The poem as set by the composer was printed in New and Old: A Volume of Verse which was published in 1880. The title was originally On the Hill-Side and was included in a section entitled ‘Lyrics of Life and Art’. Other titles included To One in Heaven, Two Moods of the Mind and Love in Dreams. However, Ian Venables explained to me that the poem was first published in a private pamphlet entitled Crocuses and Soldanellas. (1870. On the Hill-Side is a good example of a ‘Shakespearean’ sonnet- with a couple of twists. The formal structure of the poem consists of fourteen lines divided into three quatrains and a final couplet. The metre of this poem is an ‘iambic pentameter’ which means that there are typically ten syllables in each line with the even numbered syllables receiving the accent. The sixth line is the exception to this having eleven, although ‘murm’ring’ can be elided. Certainly, Symonds varies the scheme allowing an accent to appear at the start of a line –for example, the imperative “Hush! In the thicket still the breezes blow”. The classic sonnet rhyme scheme is preserved throughout. In many of Shakespeare’s sonnets the purpose of the couplet is to draw together the threads of the poem – to provide a conclusion. Often the second, and sometimes the third quatrain would be used to introduce a hiatus into the flow of the poem: to complicate the train of thought. This is known as the ‘volta.’ Symonds provided the ‘twist’ in the second quatrain. The key phrase here is “Deep peace is in my soul”.

On the Hillside

The winds behind me in the thicket sigh,
The bees fly droning on laborious wing,
Pink cloudlets scarcely float across the sky,
September stillness broods o’er [everything] ev’rything.
Deep peace is in my soul: I seem to hear
Catullus murmuring ‘Let us live and love;
Suns rise and set and fill the rolling year
Which bears us deathward, therefore let us love;
Pour forth the wine of kisses, let them flow,
And let us drink our fill before we die.’
Hush! in the thicket still the breezes blow;
Pink cloudlets sail across the [azure] sky;
The bees warp lazily on laden wing;
Beauty and stillness brood o’er [everything] ev’rything.

The initial mood of this poem is one of stillness, disturbed only by the sighing of the wind in the thicket. I have noted that the original title was On the Hillside and, although it is not certain that this poem was written whilst Symonds was in Malvern it would certainly give support to an image of the poet sitting near the top of Midsummer Hill or Worcestershire Beacon. The reader is reminded of William Langland and Piers Plowman:-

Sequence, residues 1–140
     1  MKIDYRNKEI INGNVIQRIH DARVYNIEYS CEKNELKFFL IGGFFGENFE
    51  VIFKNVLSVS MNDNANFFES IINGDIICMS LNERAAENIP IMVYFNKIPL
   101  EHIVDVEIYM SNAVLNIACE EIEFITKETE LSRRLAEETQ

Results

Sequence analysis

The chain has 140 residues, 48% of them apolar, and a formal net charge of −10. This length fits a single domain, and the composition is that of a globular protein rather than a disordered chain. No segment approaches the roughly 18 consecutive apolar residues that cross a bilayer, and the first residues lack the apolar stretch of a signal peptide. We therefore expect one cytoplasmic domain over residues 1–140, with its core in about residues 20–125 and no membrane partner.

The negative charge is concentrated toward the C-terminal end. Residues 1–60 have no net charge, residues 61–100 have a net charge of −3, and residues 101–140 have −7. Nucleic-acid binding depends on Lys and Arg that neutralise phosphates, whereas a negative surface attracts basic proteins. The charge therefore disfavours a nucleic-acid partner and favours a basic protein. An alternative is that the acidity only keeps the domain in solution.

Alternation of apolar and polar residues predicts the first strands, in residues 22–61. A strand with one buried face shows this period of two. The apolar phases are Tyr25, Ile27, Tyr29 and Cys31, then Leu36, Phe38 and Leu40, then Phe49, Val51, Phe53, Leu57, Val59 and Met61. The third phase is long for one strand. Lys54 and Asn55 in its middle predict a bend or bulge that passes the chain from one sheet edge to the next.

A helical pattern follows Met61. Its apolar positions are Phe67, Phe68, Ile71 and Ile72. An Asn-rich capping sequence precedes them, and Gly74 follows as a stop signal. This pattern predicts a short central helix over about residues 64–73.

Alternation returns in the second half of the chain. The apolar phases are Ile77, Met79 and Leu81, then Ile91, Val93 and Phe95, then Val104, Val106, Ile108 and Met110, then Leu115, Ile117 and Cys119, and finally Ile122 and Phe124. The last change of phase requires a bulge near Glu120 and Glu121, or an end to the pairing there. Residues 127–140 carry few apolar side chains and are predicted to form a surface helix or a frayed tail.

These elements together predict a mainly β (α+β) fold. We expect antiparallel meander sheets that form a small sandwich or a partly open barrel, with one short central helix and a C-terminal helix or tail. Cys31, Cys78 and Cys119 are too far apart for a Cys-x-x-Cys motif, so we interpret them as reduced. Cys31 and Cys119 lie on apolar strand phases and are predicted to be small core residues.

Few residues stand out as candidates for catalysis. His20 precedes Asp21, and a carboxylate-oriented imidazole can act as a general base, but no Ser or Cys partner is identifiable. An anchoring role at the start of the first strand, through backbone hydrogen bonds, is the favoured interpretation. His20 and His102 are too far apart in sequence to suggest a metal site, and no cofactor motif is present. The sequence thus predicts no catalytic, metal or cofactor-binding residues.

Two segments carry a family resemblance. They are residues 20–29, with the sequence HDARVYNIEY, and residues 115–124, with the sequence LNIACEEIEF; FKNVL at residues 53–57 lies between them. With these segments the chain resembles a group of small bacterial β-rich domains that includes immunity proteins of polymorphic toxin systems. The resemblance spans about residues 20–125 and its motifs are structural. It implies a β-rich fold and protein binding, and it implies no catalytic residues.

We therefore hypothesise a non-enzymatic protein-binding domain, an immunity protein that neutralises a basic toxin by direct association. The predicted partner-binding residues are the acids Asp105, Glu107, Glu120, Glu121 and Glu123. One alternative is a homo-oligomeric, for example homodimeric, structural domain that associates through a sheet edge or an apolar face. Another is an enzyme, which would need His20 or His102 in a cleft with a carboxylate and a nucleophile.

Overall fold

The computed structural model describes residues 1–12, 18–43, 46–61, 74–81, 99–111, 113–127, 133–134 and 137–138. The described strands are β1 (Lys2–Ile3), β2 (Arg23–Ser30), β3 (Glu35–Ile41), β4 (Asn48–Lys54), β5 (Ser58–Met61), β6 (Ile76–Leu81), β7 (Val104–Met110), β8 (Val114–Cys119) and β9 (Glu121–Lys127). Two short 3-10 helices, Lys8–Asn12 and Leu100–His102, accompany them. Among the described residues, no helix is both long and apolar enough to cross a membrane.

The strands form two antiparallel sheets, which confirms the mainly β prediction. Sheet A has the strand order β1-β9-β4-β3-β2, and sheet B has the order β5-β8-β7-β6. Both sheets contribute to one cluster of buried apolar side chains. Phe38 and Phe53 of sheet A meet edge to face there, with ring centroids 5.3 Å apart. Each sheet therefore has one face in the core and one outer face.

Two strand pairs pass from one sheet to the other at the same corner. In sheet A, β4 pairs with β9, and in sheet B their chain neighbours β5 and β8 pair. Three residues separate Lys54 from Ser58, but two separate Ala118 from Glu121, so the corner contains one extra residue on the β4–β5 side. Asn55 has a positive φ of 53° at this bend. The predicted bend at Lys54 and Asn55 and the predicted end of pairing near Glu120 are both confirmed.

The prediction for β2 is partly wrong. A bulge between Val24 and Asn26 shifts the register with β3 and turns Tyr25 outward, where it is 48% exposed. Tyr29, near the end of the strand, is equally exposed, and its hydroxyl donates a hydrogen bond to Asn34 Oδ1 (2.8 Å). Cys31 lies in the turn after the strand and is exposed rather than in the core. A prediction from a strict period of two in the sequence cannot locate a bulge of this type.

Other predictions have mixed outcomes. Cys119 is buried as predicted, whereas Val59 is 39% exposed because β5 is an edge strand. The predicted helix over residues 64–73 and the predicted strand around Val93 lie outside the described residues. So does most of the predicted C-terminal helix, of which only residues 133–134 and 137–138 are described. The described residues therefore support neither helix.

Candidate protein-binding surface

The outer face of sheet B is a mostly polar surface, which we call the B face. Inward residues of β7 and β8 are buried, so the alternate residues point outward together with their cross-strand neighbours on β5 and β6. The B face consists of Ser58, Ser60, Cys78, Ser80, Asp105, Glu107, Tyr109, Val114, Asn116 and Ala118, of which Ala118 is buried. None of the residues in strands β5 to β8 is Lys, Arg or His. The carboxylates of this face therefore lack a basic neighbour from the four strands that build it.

And on a May morning on Malvern Hills,
There befell me as by magic a marvellous thing:
I was weary of wandering and went to rest
At the bottom of a broad bank by a brook’s side,
And as I lay lazily looking in the water
I slipped into a slumber, it sounded so pleasant.

Certainly Symonds suggests that it was a lazy day, perhaps recalling Matthew Arnold’s immortal phrase “All the live murmur of a summer’s day”. After musing on this seeming paradise, with only a gentle nod to the approaching autumn, the poet turns to review his life and his potentially difficult situation. Most likely this refers to his sexual orientation but it may have been his sense of having been bullied or his illness. It could have been all of these. The poet appears to resolve his problems by claiming that “Deep peace is in my soul…” This is the heart of the poem. Yet, no matter how often I read these lines, the words do not seem to ring true. I believe that he is either being ironic or else he is furiously willing himself to be at peace. The autumnal reflection continues with an image of “Suns rise and set and fill the rolling year/Which bears us deathward’ which suggest darker thoughts and a mood that was not truly relaxed on the hillside. The reference to the great lyric poet Catullus and his poem ‘Come, Lesbia, let us live and love’ surely clarifies the situation. “Therefore let us love” becomes the essence of his solution. Symonds wants to “…pour forth wine and kisses…” For a moment the poet sits up, his mind clearing. It is his resolve to follow the ancient bard’s advice- at least “to drink our fill before we die…” After a plea to the poet’s soul to “Hush”…or less prosaically to the noisy day trippers around him, the original mood of the poem returns, as if by magic. The listener is back with the poet on the hillside. The poem ends with the statement that “beauty and stillness brood o’er everything.” The equilibrium of body and soul is restored, at least for a short space.